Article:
Now c’mon, Mr. Andreessen. You can’t possible be saying that there is only one qualified female venture capital GP candidate in the entire free world? I know that women only comprise about 8-10% of current venture capital executives but unless there are only 100 total VC industry participants, that still doesn’t reduce down to one. Andreessen Horowitz has within its own confines 52% female employees, and none of them are promotable? If that’s true, you need a new head of recruiting. Or a new career development program. Or both. 

But it seems that Andreessen isn’t entirely alone in casting a very narrow net when it comes to adding diversity. A late-March Reuters piece also noted that they best way to get tapped to join a board as a woman was to already be on a board. One female board member interviewed had received 18 invitations to join boards over 24 months alone.

It seems the criteria used to recruit women (and, to some extent, minority) candidates into high-level positions are perhaps a bit too restrictive. In fact, maybe this isn’t a “pipeline” problem like we’ve been led to believe. Maybe it’s instead more of a tunnel vision issue.

So, as always happy to offer unsolicited advice, let me put on my peanut gallery hat. If you genuinely want to add diversity to your investment staff, here are some good places to look:

  • Conferences – The National Association of Securities Professionals, RG Associates, The Women’s Private Equity Summit, Opal’s Emerging Manager events, the CFA Society, Morningstar and other organizations are all now conducing events geared towards women and minority investing. Look at the brochures and identify candidates. Better yet, actually attend the conference and see what all the hubbub is about, bub. 
  • Word of mouth – I have to wonder if Andreessen asked the female GP candidate on any of his recruitment attempts if she knew anyone else she could recommend. If not, shame on him. Our industry is built in large part on networking. We network for deals, investors, service providers, market intelligence, recruiting, job hunting, etc. We are masters of the network (or we should be) and so it seems reasonable that networking would be a fall back position for anyone seeking talent. And if Andreessen did ask and was not given suitable introductions to alternate candidates, shame on the “unnamed woman general partner.” 
  • Recruiters – Given the growing body of evidence that shows diversity is good for investors, it’s perhaps no surprise that there are now at least two recruiters who specialize in diversity candidates within the investment industry. Let them do the legwork for you for board members, investment professionals and the like.
  • Service providers – Want a bead on a diverse CFO/CCO – call your fund auditor. Looking for investment staff? Call your prime broker or legal counsel. Your service providers see lots of folks come in and out of their doors. Funds that didn’t quite achieve lift off, people who are looking for a change, etc. – chances are your service providers have seen them all and know where the bodies are buried. Don’t be afraid to ask them for referrals.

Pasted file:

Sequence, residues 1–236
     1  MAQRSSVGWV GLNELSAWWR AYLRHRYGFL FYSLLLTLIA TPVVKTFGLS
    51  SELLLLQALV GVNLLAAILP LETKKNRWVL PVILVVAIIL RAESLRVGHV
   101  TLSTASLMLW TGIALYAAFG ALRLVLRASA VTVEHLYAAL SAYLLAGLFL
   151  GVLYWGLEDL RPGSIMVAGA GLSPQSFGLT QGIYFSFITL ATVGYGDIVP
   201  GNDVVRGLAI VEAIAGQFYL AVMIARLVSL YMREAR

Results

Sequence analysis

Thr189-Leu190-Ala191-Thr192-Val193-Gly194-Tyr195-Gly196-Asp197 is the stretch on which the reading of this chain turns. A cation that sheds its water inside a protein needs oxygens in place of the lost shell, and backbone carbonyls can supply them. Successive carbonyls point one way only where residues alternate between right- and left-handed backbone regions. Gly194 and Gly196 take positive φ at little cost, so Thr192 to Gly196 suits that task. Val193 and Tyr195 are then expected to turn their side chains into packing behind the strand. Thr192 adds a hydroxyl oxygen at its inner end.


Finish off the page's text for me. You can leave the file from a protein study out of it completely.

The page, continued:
Excusa-Palooza Doozie #2 – See?!? Investors are allocating to “small” hedge funds! In a second article guaranteed to get both my fever and my dander up, we were treated to an incredibly optimistic turn of asset flow events. It turns out that “small” hedge funds took in roughly half of capital inflows in 2014, up from 37% in 2013 per the WSJ.

Now before you break out the champagne, let me do a little clarification for you.

Hedge funds with $5 billion or more took in half of all asset flows.

Everything that wasn’t in the $5 billion club was termed “small” and was the recipient of the other half of the asset inflows.

It would have been interesting to see how that broke down between funds with $1 billion to $5 billion and everyone else. We already know from industry-watchers HFR (who provided the WSJ figures) that 89% of assets went to funds with more than $1 billion under management. We also already know that there are only 500 or so hedge funds with more than $1 billion under management. So really, when you put the pieces together, aren’t we really saying that hedge funds with $5 billion or more got 50% of the asset flows, hedge funds with $1 billion to $5 billion got 39% of the remaining asset flows, and that truly “small”  and, well, "small-ish" hedge funds got 11% in asset flows?

I mean, for a hedge fund to be termed “small” wouldn’t it have to be below the industry’s median size? With only 500 hedge funds at $1 billion or more and 9,500 hedge funds below that size, it seems not only highly unlikely but also mathematically impossible that the median hedge fund size is $5 billion. Or $1 billion. In fact, the last time I calculated the median size of a hedge fund (back in June 2011 for Barclays Capital) it was - wait for it, wait for it - $181 million.

And I’m betting you already know how much in asset flows went to managers under that median figure…somewhere just slightly north of bupkis. And the day that hedge funds under $200 million get half of the asset flows, I will hula hoop on the floor of the New York Stock Exchange. 

So let’s do us all a favor and stop making excuses and start making actual changes. Otherwise, we’re leaving money and progress on the table, y’all. 

Sources: WSJ, HFR, BarclaysCapital, Reuters, Huffington Post